Living Medicine – lessons for the experimental hematologist

As a clinical hematologist, the publication of Living Medicine - a history of the development of bone marrow transplantation in humans - was required reading. However, I was pleasantly surprised to see that Dr. Appelbaum carefully reviews the history of the fundamental basic science of hematopoietic stem cells, the understanding of which forms a required basis for clinical transplantation. From the perspective of an experimental hematologist, it was fascinating to learn how the pioneers of clinical transplantation leveraged fundamental science done in mice into translational studies and iterative clinical trials to progressively develop, improve, and optimize allogeneic bone marrow transplantation. Laboratory based research was vital in the iterative trials that moved bone marrow transplantation from a high-risk intervention for patients with no other options to now a much safer front-line therapy for many blood diseases. Although Dr. Appelbaum justifiably emphasizes the foundational and bold work done in Seattle, he acknowledges the contribution of other researchers throughout the world. He also emphasizes the importance of advocacy of patients and families in supporting early research in bone marrow transplantation and places the patient experience at the center of his narrative. He also discusses the current state of basic research and its ongoing and potential impact on engineered cellular therapy and immunotherapy.

While this book on the surface appeals to clinicians engaged in bone marrow transplantation, it is also an inspiring read for basic scientists in hematology. It reminds us of the essential nature of our work in the formation of the rationale and premise for clinical innovations. By charting the arc from the basic studies demonstrating the existence and properties of the hematopoietic stem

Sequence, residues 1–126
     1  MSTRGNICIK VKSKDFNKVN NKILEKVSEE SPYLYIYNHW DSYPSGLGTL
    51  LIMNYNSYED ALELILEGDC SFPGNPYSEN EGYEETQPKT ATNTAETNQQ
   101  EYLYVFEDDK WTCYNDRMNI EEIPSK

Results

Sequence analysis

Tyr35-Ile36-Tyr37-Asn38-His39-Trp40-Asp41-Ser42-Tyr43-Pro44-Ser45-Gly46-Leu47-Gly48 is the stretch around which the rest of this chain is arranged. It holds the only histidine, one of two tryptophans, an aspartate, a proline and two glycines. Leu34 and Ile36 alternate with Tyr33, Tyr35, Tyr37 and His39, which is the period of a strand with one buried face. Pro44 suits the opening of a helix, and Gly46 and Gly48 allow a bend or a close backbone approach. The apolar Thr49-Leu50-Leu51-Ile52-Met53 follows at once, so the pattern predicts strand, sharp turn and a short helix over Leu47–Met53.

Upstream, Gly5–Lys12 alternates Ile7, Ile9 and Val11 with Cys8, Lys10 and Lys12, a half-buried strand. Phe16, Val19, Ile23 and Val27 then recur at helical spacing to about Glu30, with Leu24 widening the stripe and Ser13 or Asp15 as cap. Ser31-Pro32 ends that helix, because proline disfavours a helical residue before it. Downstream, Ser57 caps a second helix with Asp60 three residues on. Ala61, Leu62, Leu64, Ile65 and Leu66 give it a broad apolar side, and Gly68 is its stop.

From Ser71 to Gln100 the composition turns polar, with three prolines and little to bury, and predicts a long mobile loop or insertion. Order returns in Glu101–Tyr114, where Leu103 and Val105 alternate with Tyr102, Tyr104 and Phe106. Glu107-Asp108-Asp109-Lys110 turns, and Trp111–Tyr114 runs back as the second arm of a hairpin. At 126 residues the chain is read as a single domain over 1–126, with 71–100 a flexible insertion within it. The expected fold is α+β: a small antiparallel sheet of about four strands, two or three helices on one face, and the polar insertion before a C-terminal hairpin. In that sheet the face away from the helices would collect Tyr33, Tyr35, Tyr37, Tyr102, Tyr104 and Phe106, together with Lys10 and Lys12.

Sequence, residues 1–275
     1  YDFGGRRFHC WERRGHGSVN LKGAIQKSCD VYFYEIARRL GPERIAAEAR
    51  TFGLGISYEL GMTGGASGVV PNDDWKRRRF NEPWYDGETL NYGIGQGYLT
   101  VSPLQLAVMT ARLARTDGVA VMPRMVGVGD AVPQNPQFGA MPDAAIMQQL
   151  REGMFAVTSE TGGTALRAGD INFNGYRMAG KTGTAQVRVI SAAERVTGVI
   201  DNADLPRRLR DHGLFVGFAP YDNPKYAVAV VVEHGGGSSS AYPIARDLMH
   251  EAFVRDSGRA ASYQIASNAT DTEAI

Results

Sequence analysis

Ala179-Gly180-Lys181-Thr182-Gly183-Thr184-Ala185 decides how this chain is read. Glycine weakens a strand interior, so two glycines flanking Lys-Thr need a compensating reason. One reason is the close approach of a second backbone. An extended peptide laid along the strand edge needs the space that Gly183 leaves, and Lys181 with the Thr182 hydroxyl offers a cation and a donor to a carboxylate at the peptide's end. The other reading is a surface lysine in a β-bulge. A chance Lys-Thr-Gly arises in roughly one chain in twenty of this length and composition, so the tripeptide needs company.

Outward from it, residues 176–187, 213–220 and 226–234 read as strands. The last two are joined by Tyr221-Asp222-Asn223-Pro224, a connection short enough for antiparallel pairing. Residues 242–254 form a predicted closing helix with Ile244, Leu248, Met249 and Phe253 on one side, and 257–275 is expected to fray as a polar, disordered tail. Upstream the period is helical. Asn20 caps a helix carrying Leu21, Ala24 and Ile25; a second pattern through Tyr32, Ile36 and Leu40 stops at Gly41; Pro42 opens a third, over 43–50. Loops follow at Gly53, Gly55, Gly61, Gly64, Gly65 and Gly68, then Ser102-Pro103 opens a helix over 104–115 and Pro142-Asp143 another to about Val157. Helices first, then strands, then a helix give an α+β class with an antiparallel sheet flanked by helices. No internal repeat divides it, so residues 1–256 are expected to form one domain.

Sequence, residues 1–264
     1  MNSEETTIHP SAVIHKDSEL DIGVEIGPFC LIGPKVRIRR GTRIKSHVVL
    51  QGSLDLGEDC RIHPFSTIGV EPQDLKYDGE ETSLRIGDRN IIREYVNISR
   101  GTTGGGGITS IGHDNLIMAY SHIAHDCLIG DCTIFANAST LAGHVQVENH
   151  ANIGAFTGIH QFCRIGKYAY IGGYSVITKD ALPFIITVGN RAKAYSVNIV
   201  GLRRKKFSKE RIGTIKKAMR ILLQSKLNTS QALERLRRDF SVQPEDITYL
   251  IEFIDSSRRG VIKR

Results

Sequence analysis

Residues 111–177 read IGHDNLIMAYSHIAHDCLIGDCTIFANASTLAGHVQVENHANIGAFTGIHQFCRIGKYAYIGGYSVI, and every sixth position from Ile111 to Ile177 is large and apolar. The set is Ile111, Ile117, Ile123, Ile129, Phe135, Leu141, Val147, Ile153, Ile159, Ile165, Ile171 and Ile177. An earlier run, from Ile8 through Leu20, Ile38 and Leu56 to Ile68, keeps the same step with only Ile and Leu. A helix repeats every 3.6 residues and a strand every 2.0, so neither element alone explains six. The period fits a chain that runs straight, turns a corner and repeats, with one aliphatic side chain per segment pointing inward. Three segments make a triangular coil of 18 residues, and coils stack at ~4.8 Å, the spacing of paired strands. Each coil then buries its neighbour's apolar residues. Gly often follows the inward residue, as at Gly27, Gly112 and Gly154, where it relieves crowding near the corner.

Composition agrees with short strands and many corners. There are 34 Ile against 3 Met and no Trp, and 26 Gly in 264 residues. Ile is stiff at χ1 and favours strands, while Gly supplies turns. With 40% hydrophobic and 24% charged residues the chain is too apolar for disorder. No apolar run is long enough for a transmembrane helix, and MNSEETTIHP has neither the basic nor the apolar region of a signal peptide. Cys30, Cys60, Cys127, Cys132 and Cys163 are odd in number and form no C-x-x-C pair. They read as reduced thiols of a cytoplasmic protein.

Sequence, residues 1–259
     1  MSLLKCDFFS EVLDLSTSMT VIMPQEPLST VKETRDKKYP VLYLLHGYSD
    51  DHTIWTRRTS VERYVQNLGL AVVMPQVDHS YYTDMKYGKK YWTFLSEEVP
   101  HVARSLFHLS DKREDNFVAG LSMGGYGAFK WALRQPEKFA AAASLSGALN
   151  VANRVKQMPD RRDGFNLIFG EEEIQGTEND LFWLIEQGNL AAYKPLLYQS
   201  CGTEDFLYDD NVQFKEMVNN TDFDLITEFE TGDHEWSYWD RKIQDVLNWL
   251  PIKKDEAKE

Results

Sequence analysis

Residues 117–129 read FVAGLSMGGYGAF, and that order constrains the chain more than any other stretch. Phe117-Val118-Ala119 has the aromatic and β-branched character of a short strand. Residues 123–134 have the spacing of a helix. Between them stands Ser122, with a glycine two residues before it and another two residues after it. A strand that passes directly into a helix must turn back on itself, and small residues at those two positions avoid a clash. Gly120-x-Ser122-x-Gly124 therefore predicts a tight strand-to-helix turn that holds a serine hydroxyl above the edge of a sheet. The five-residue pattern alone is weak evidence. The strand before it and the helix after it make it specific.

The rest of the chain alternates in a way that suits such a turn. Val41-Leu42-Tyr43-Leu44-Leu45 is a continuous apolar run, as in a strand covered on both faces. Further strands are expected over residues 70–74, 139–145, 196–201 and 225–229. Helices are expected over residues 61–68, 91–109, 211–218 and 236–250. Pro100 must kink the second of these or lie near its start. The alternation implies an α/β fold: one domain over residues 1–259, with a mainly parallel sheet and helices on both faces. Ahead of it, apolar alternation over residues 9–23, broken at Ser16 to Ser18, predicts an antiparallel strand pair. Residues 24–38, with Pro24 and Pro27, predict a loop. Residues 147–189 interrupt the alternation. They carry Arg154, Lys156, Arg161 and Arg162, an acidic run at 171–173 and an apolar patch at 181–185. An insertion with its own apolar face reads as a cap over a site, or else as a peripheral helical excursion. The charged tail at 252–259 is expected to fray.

cell to the current state of the art in bone marrow transplantation, Dr. Appelbaum’s work should inspire the current generation of basic scientists by illustrating the immense potential impact of our work. His description of the more recent foundational work in cancer immunotherapy and chimeric antigen receptor T-cells and the ongoing clinical translation of this work shows this history repeating itself for the hopeful ongoing benefit of patients.

Living Medicine is available on

Blog post contributed by Grant Rowe, MD, PhD (@bloodandtime1), ISEH Publications Committee

Please note that the statements made by Simply Blood authors are their own views and not necessarily the views of ISEH. ISEH disclaims any or all liability arising from any author's statements or materials.


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